A dynamic version of the mythic American dream.



After nearly three decades of shaping much of what we know of as “street style,” Harlem-born Day, aka Dapper Dan, tells his life story in an engaging prose style.

From growing up hungry in the 1940s and ’50s (“nothing makes you question the purpose and meaning of life like hunger”) to being a master dice gambler to opening (and subsequently closing) his own clothing boutique, the author chronicles his own story as well as that of the changing societal landscape of Harlem. Day’s parents had moved from “tight-knit rural communities in the South where everyone knew each other” to black Harlem, where families “did their best to re-create those communities.” There was little crime and decent education in the public schools, but as Day grew older, the allure of the streets became more important than an education. The author quit high school as the neighborhood was becoming increasingly violent and fragmented due to new housing projects and the rise of heroin and crack, and he took up gambling as his primary hustle. He became a master of his trade, “somewhere between a magician and a scientist,” and he used his smarts through dice games as a primary means of income to support his growing family. After a brief stint in prison for a credit-card fraud scheme in Aruba, Day, increasingly spiritually minded and determined to get off the streets, returned to Harlem and opened the clothing boutique Dapper Dan, specializing in furs and leathers. “Fashion for me wasn’t about expression,” he writes. “Fashion was about power,” a message that resonated with his neighborhood connections, drawing in the hustlers with money to spend. Day eventually found a creative way to screen print the logos of high-fashion labels, such as Louis Vuitton, Gucci, and Fendi, and make custom clothing for his first customers—the black gangsters of Harlem. Since then, his clothes and vision have become iconic to American hip-hop culture. With clients like Jam Master Jay, Flavor Flav, and Beyoncé, Day continues to have an instrumental effect on black urban culture.

A dynamic version of the mythic American dream.

Pub Date: July 9, 2019

ISBN: 978-0-525-51051-2

Page Count: 304

Publisher: Random House

Review Posted Online: May 12, 2019

Kirkus Reviews Issue: June 1, 2019

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If the authors are serious, this is a silly, distasteful book. If they are not, it’s a brilliant satire.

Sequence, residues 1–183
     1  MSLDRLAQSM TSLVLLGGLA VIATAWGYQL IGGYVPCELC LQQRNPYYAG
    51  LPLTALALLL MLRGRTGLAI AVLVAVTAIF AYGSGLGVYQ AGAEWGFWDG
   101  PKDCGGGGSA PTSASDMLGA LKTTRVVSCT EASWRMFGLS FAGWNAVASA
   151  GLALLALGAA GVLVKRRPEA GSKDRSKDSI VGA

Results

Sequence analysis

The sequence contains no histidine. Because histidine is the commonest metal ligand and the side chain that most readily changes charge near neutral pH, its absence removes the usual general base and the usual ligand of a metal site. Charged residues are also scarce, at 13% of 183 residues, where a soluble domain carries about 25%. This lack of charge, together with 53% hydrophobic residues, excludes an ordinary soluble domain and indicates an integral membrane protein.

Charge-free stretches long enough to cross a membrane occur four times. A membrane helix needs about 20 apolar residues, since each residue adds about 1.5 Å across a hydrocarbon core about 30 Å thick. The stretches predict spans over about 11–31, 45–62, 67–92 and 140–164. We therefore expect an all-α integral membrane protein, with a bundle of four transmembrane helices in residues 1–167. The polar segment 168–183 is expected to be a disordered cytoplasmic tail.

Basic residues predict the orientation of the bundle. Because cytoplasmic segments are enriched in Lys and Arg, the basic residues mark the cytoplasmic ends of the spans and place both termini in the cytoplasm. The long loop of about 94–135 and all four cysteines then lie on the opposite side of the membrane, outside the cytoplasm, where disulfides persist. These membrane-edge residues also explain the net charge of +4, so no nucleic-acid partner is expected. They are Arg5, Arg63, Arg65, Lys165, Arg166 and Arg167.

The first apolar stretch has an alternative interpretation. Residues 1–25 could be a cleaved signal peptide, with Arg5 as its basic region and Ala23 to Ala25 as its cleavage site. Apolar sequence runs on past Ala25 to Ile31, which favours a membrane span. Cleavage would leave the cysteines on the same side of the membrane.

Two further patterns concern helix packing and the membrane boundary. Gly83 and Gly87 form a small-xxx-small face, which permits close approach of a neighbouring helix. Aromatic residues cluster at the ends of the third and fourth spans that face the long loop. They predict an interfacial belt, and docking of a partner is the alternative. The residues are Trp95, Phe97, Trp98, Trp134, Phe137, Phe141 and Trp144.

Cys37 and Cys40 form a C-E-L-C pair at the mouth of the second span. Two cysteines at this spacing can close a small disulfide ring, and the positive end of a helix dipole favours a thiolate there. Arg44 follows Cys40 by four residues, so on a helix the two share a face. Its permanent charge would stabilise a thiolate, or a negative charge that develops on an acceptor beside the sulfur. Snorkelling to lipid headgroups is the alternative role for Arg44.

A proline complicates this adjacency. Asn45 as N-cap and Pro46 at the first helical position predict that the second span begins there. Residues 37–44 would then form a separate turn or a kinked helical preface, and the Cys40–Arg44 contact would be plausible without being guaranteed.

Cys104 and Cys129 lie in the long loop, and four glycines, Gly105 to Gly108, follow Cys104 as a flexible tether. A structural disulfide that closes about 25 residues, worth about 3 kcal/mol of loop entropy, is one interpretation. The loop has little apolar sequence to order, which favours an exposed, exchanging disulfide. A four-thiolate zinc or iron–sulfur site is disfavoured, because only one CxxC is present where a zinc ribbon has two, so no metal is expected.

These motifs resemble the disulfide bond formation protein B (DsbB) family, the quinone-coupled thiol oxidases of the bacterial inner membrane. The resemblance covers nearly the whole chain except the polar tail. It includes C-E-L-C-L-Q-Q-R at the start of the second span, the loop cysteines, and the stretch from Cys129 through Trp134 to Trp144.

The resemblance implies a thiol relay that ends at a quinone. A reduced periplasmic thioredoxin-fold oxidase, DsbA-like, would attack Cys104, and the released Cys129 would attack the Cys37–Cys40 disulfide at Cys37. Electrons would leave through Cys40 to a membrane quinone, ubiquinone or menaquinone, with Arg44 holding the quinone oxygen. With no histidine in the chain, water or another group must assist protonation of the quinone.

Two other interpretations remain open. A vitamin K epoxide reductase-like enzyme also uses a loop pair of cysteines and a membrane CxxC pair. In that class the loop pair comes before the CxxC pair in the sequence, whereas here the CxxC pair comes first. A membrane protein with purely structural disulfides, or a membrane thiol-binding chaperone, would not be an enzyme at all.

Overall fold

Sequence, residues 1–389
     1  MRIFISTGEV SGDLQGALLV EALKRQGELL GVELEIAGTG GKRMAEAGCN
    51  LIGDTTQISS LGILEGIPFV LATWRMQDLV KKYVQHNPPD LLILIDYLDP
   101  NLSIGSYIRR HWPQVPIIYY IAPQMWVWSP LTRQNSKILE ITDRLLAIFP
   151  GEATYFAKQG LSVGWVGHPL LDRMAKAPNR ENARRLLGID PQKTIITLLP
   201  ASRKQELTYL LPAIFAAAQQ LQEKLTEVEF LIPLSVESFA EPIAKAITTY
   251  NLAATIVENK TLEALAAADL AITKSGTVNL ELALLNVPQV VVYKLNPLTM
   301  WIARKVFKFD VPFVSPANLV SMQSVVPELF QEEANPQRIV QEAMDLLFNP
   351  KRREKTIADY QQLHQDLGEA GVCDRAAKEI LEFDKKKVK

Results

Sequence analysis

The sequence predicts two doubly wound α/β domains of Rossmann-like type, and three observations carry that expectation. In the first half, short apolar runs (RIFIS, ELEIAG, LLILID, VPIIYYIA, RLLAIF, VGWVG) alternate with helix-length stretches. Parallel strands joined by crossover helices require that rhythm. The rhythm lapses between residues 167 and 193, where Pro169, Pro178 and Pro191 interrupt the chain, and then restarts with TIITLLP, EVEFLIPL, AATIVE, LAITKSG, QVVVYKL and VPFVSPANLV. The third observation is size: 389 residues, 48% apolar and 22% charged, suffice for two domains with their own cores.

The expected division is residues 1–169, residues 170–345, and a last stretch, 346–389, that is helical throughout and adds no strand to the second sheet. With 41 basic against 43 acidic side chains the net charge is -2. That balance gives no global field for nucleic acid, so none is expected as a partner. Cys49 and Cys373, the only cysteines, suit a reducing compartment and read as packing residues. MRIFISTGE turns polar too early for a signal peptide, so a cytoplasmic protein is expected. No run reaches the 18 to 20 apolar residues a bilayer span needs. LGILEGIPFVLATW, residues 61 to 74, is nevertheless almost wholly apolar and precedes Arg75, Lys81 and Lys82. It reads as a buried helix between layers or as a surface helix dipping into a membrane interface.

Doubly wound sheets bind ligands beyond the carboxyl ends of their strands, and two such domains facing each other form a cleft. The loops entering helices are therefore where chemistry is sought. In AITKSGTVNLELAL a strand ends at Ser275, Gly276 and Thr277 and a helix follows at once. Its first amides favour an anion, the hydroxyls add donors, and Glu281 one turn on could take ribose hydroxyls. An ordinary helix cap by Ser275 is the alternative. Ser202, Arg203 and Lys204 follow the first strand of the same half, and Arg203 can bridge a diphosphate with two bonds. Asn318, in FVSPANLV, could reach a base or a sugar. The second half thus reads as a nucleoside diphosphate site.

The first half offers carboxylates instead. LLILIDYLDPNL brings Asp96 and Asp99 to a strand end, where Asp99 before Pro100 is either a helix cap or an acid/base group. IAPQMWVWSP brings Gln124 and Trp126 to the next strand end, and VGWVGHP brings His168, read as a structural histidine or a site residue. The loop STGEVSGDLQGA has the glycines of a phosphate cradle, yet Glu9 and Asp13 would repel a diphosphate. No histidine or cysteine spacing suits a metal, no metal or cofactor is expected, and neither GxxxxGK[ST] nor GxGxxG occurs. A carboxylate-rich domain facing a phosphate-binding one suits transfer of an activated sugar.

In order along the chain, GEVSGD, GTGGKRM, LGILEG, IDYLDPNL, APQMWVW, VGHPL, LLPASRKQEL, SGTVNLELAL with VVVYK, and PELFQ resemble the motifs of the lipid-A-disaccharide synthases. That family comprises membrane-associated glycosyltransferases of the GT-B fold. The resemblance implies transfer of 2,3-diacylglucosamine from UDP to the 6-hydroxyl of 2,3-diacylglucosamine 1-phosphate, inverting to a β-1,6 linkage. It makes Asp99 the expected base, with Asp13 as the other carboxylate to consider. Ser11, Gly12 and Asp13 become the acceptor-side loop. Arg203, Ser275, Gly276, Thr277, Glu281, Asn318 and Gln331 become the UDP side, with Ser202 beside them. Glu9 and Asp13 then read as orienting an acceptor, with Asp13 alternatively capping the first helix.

The authors have created a sort of anti-Book of Virtues in this encyclopedic compendium of the ways and means of power.

Everyone wants power and everyone is in a constant duplicitous game to gain more power at the expense of others, according to Greene, a screenwriter and former editor at Esquire (Elffers, a book packager, designed the volume, with its attractive marginalia). We live today as courtiers once did in royal courts: we must appear civil while attempting to crush all those around us. This power game can be played well or poorly, and in these 48 laws culled from the history and wisdom of the world’s greatest power players are the rules that must be followed to win. These laws boil down to being as ruthless, selfish, manipulative, and deceitful as possible. Each law, however, gets its own chapter: “Conceal Your Intentions,” “Always Say Less Than Necessary,” “Pose as a Friend, Work as a Spy,” and so on. Each chapter is conveniently broken down into sections on what happened to those who transgressed or observed the particular law, the key elements in this law, and ways to defensively reverse this law when it’s used against you. Quotations in the margins amplify the lesson being taught. While compelling in the way an auto accident might be, the book is simply nonsense. Rules often contradict each other. We are told, for instance, to “be conspicuous at all cost,” then told to “behave like others.” More seriously, Greene never really defines “power,” and he merely asserts, rather than offers evidence for, the Hobbesian world of all against all in which he insists we live. The world may be like this at times, but often it isn’t. To ask why this is so would be a far more useful project.

If the authors are serious, this is a silly, distasteful book. If they are not, it’s a brilliant satire.

Pub Date: Sept. 1, 1998

ISBN: 0-670-88146-5

Page Count: 430

Publisher: Viking

Review Posted Online: May 20, 2010

Kirkus Reviews Issue: July 15, 1998

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The author's youthfulness helps to assure the inevitable comparison with the Anne Frank diary although over and above the...


Elie Wiesel spent his early years in a small Transylvanian town as one of four children. 

He was the only one of the family to survive what Francois Maurois, in his introduction, calls the "human holocaust" of the persecution of the Jews, which began with the restrictions, the singularization of the yellow star, the enclosure within the ghetto, and went on to the mass deportations to the ovens of Auschwitz and Buchenwald. There are unforgettable and horrifying scenes here in this spare and sombre memoir of this experience of the hanging of a child, of his first farewell with his father who leaves him an inheritance of a knife and a spoon, and of his last goodbye at Buchenwald his father's corpse is already cold let alone the long months of survival under unconscionable conditions. 

The author's youthfulness helps to assure the inevitable comparison with the Anne Frank diary although over and above the sphere of suffering shared, and in this case extended to the death march itself, there is no spiritual or emotional legacy here to offset any reader reluctance.

Pub Date: Jan. 16, 2006

ISBN: 0374500010

Page Count: 120

Publisher: Hill & Wang

Review Posted Online: Oct. 7, 2011

Kirkus Reviews Issue: Jan. 15, 2006

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